Sunday, March 1, 2015

A New Gathering

Its been a struggle but the new version of Gathering of Hosts is available from the link to the left 
(or here). The rules are actually fairly close to what I have been using since 2013 but the wording and how things are presented have changed as was determined on last fall.

Habit and expectation initially had me following a conventional approach of defining troop types and having charts for movement, shooting and so on. This works just fine, especially if working with a fairly small number of known troop types but it does get your mind into a certain set when someone says "Peltast" and you think "Reg C LMI w javelin, lts and shield" and since I have been trying to imagine the armies that I am describing as I go, well the writing was getting to be excessive to fit in each change in imaging for very little return and attempts to predefine the building blocks was restrictive unless simple was to be left very far behind.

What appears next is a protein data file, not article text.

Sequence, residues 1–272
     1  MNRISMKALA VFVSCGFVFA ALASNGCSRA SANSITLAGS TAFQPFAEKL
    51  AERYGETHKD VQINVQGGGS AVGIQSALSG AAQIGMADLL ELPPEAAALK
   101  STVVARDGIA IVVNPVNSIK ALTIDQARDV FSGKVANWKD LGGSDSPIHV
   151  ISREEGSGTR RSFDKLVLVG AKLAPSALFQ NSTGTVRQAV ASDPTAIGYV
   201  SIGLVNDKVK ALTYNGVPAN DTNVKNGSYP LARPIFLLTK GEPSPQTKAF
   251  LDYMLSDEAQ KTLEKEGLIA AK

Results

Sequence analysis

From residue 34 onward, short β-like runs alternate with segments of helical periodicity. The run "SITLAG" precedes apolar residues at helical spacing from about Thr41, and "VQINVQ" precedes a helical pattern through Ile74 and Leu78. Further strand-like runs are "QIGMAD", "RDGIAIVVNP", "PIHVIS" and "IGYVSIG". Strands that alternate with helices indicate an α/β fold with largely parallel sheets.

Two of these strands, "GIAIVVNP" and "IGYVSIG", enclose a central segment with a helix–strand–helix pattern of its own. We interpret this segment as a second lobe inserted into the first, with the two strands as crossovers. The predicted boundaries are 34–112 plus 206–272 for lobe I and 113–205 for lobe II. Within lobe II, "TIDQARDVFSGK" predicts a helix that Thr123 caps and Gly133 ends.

Here is the last of the 3 games, the smallest (6 units each vs the 9 used earlier) and the fastest, most exciting, with the highest tension and a last minute upset Westman victory largely due to their use of speed and their ability to move through woods to keep melee and missile fire to a minimum. It was extremely close though, several Westlands units escaped when 1 hit away from destruction.  Honours of the Game though went to the new unit of Midlish Mounted Crossbowmen who almost won the game single handedly. More on them in a later post.